This year again national as well as foreign film professionals will meet in the jury seats of the Bratislava International Film Festival to decide about its winners. The films will compete in three categories – the first and second feature films, first and second documentaries and short films.
This year’s Fiction Competition will be led by the internationally acclaimed actor and director Jean-Marc Barr, the Serbian film director and screenwriter Bojan Vuletić and the producer of the film Little Harbour Katarína Krnáčová. As an actor Jean-Marc Barr rose to fame in the role of the free-diver Jacques Mayol in the cult French classic The Big Blue (Le grand bleu, 1988). Later on Barr started cooperating with Lars von Trier on films such as Europa (1991), Breaking the Waves (1996), Dancer in the Dark (2000), Dogville (2004) or Nymph()maniac (2013). At the turn of May and June, he visited Slovakia to star in a predominantly Slovak co-production, The Cellar (Pivnica), Together with Pascal Arnold, screenwriter and co-director of most of his works, he has directed several films influenced by the radical filmmaking style of the Dogme 95 movement – Lovers (1999), Too Much Flesh (2000), Being Light (2001), One Two Another (Chacun sa nuit, 2006), American Translation (2011) and Sexual Chronicles of a French Family (Chroniques sexuelles d’une famille d’aujourd’hui, 2012).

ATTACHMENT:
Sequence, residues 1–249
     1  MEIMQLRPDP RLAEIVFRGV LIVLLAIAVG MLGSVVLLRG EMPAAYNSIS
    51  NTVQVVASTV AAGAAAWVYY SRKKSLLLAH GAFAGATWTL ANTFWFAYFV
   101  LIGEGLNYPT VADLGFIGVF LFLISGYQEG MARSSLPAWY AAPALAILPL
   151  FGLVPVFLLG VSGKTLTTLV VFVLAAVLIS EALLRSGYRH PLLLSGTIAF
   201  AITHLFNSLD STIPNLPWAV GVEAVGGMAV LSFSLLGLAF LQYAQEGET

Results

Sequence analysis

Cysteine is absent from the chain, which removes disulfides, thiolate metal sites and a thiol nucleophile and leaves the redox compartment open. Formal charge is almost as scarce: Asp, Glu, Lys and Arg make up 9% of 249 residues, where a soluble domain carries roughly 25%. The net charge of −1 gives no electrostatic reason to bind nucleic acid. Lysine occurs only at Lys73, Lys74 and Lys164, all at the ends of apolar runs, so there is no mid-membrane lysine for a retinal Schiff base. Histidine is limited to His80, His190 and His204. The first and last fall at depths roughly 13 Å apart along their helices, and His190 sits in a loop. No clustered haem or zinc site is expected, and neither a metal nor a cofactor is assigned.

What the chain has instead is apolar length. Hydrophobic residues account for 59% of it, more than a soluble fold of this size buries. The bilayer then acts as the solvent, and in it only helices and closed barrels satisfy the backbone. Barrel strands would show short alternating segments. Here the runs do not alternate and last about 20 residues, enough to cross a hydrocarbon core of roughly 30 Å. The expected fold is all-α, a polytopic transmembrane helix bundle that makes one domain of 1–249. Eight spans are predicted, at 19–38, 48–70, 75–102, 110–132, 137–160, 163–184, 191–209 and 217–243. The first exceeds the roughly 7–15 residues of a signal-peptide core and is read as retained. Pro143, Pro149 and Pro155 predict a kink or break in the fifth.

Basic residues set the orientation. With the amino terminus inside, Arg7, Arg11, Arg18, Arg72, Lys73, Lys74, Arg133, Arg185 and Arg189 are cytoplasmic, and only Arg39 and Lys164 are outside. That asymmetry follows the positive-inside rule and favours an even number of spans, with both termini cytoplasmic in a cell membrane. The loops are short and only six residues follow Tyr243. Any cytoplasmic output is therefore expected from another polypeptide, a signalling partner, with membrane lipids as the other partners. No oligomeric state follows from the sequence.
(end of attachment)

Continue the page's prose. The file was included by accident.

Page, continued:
Bojan Vuletić is one of the most promising young Serbian directors and screenwriters. His first feature film, Practical guide to Belgrade With Singing and Crying (Praktični kroz Beograd driver is pevanjem i plakanjem, 2011) also appeared at Bratislava IFF and won a number of national and international awards including FEDORA at the film festival in Pula, and the FIPRESCI Award at the Cinema City Film Festival. His second feature film Requiem for Mrs. J. (Rekvijem za gospođu J., 2017) had its world premiere at Berlinale and won the FIPRESCI Award at the Sofia International Film Festival, Grand Prix at goEast Wiesbaden FF and Ontrato FF. This film will also inaugurate the 19th edition of the Bratislava IFF.
Completing the trio of judges is a Slovak producer Katarina Krnáčová, who worked on the film Fine, Thanks (Ďakujem, dobre, 2013) or the omnibus film Slovakia 2.0 (Slovensko 2.0, 2014). Katarína also collaborated on My Dog Killer (Môj pes Killer), which won the main prize at the Rotterdam IFF. She produced the film Little Harbour (Piata loď, 2017), directed by Iveta Grófová, which received the Crystal Bear for the Best Film in the Generation Kplus section at Berlinale 2017. She’s currently developing and pre-producing two fiction films and one mini-series for television, all being international co-productions.
The best documentary will be selected by Petra Seliškar, Ondrej Starinský and Vincent Dieutre. Petra Seliškar is an acclaimed Slovenian director, producer, lecturer, festival director and dramaturge. She studied documentary directing at Amsterdam Film Academy. In the course of her career, Petra shot three feature-length documentary films – The Grandmothers of revolution (Babice revolucije, 2006), Mother Europe (Mama Europa, 2013) and My world is upside down (Moj Narobe Svet, 2016). In 2003 she founded her own production company Petra Pan film and in April 2010 Petra was appointed Artistic Director and programmer of the Makedox Creative Documentary Film Festival in Macedonia.